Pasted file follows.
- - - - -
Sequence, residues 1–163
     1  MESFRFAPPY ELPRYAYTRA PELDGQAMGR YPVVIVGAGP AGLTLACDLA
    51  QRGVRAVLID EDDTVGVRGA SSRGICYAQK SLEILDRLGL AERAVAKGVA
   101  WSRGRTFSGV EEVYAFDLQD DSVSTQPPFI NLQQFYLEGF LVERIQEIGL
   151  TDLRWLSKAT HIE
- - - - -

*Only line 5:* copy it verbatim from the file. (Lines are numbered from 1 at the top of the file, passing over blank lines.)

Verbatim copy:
   151  TDLRWLSKAT HIE